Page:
It was during the 6:00 a.m. drive to the Gold Line that the seriousness of the undertaking began to dawn on Brian.
Hazy shades of Spring bode well for 26.2-mile day.
Brian takes advantage of an old runner's trick: spraying deodorant on your feet to help avoid blisters.
On the Sierra Madre Gold Line Station bridge, Brian now began to question his decision-making skills.
And there's my beautiful Terri who showed her intelligence by driving separately so she wouldn't be forced to wait for us at the finish line.
On the train ride Brian made the first of 29 calls to Mike, though this one went to his voicemail. Each one ended with one of us calling him a pussy. Every. Single. Time.
Terri, ever the intrepid athlete, used the stairs, while...
...Brian and I took advantage of the escalator. As Brian said, he only had 26.4 miles in him for the day so he needed to conserve that extra 0.2.
A shot of the masses at the starting line from Universal Studios across the 101 freeway.
And this is what it looked like from the crowd.
The anxious crowd.
A call to Mike. His voicemail, again.
Two bad mother-- Shut your mouth!
I'm not sure if the close-up of the back hair is worse...
...or the full barefoot shot.
Looking at this guy all inked up, sporting the cool locs and punkish hair do gives on the impression that he is pure hipster. That is until I spotted the cassette he was popping in his Sony WalkMan. Now I had to wonder: was the dude being ironic with the Old Navy vest?
I love the look on the locals' faces watching the madness of 26,000 people making the conscious, premeditated choice to pay $100 to wake up before sunrise on a Sunday morning to run/walk/crawl over 26 miles.
Per marathon tradition, at the start of the race runners discarded their extra layers by throwing them into trees as they passed. The four blue hats are actually in mid-air.
Everybody now, "I Love L.A."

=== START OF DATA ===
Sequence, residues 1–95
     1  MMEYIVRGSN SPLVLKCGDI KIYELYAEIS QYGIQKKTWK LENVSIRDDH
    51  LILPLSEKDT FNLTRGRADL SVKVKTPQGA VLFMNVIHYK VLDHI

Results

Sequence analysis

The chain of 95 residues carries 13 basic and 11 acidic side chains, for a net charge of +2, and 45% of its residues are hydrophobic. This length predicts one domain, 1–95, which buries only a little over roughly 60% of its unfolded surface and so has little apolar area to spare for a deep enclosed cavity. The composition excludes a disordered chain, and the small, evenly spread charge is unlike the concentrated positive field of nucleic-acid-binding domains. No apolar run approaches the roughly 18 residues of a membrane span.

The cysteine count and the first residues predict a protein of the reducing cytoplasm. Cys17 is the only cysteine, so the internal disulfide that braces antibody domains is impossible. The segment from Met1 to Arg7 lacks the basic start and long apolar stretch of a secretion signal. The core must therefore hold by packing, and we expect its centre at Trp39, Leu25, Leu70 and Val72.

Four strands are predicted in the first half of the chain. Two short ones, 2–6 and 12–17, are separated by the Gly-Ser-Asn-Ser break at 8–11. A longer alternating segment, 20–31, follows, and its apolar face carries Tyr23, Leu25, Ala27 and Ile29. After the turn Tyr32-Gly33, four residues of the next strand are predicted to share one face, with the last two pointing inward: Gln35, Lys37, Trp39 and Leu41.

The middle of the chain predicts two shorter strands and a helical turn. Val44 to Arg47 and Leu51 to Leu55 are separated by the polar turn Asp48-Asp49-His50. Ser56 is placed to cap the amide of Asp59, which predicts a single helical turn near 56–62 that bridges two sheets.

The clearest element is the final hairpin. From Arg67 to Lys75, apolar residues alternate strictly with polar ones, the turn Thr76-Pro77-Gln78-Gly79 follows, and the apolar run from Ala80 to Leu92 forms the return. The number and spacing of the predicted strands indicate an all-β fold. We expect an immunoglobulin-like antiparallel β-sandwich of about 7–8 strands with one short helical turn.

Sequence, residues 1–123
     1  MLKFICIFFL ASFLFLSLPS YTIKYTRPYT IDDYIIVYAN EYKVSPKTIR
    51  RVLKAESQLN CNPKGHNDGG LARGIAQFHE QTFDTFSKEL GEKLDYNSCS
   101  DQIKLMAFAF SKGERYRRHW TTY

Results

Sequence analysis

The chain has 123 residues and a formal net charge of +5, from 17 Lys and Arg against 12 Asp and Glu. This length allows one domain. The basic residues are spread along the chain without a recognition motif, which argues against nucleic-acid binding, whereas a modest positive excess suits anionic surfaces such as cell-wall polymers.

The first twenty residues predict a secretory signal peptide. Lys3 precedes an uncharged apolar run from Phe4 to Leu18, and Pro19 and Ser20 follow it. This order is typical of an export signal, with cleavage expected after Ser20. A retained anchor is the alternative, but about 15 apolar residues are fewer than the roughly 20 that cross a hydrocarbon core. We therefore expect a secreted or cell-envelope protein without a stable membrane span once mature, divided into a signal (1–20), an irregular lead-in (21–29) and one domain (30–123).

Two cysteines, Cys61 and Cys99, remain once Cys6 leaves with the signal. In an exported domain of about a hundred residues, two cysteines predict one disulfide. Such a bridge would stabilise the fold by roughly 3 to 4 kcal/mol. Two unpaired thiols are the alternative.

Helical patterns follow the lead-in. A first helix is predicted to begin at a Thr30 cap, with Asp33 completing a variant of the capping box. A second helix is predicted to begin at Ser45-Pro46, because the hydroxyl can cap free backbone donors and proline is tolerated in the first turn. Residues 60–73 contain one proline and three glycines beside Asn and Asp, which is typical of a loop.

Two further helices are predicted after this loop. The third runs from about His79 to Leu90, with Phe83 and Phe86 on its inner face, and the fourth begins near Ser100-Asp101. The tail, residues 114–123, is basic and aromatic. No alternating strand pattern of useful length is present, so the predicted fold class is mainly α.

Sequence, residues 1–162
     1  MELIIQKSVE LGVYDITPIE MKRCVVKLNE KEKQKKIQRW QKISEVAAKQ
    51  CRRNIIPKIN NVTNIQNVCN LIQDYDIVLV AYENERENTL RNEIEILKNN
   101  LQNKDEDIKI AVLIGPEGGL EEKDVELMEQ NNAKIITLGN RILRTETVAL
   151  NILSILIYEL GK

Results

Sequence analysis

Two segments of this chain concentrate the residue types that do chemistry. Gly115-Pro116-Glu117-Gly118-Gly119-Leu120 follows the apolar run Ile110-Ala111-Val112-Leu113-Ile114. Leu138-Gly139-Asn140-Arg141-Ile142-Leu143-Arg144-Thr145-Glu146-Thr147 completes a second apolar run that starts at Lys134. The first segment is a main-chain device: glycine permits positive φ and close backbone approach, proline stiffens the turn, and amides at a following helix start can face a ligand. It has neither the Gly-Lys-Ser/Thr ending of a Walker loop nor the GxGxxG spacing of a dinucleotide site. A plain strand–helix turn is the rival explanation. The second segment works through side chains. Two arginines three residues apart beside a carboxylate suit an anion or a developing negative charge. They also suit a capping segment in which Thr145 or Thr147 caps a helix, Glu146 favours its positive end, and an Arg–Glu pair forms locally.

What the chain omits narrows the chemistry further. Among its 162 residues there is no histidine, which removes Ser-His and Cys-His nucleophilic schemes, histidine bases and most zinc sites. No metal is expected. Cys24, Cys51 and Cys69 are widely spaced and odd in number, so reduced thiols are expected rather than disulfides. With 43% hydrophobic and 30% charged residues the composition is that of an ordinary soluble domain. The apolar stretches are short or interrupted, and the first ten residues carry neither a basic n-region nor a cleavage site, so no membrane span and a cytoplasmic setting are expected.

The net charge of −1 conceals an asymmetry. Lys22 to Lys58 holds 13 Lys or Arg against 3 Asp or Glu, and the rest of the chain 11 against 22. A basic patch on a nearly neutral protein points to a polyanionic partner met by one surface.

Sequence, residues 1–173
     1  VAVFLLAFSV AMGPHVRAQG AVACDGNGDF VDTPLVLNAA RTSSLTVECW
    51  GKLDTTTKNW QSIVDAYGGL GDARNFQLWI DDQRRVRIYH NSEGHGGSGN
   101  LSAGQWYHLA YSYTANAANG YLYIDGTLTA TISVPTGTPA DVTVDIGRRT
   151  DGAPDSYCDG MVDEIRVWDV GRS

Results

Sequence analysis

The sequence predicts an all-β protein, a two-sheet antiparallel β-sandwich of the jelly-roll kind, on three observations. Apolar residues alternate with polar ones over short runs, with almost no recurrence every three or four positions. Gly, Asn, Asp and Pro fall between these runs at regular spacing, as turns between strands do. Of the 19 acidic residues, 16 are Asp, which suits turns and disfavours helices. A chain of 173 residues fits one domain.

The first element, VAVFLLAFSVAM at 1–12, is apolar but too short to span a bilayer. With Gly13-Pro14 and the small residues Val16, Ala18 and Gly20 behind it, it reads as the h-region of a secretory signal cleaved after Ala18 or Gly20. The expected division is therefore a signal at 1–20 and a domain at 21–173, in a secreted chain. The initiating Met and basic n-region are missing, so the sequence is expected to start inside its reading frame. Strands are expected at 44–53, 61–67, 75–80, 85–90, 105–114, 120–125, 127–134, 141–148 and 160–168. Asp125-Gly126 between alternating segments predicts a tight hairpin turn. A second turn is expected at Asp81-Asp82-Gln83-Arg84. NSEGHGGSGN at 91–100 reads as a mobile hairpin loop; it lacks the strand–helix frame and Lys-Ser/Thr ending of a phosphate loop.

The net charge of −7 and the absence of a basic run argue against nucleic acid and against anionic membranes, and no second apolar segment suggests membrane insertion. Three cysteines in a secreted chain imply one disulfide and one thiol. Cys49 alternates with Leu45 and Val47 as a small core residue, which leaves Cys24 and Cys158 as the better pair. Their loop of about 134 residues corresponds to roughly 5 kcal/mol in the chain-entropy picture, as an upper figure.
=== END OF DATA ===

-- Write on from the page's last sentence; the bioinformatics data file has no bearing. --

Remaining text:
Los Angeles Mayor Antonio Villaraigosa was at the starting line, but I was disappointed that marathon-regular Muhammed Ali was a no-show.
Look at how far ahead of the pack we are.
Life: it's all relative.
Mile 0.25... yes, that's essentially one lap around the track.
Brian threw his hands up at Mile 1 and yelled, "I made it!", much to the amusement of those around us.
It should have come to no surprise that at our 22 minute mile pace...
...we were going to get passed by old ladies.
I hope the cop was yelling at this kid not only for having his bike on the marathon course, but also for his ridiculous outfit.
The Hollywood Bowl.
The lady at the bus stop reminded me of the old man in Ghost World that waited for a bus on a discontinued route.
In preparing for the marathon I gave Brian all the advice I had, including on proper attire. He paid good money for running socks and a special shirt (he chose orange) and underwear so his nipple and nuts wouldn't end up a bleeding mess. 2 1/2 miles into the marathon he admitted he had doubted me on one part and needed to rectify his mistake. For a hint, check the ground.
Yes, he had begun chafing, so we had to veer off the course and duck into as park so he could change his chonies. This, of course, begs the question of whether he was going to carry these things for the next 24 miles.
This was going to be some homeless guy's lucky day.
What the hell was this truck doing here?
In case you were wondering, we were just past Mile 3.
Making the turn at Hollywood and Highland.
No bathroom breaks necessary for this guy.
This guy came out just for me.
You may have noticed from the other pictures that Brian forgot his sunglasses. No problem when Providence has your back. We found some suh-weeeet Elvis shades lying in the gutter on Hollywood Blvd. The King may be dead but he was watching over us this day.
Homeless people with creepy ventriloquist dummies. There's a screenplay here somewhere.
22-minute mile pace still intact.
Need inspiration to keep going? Stop off at the poetry station.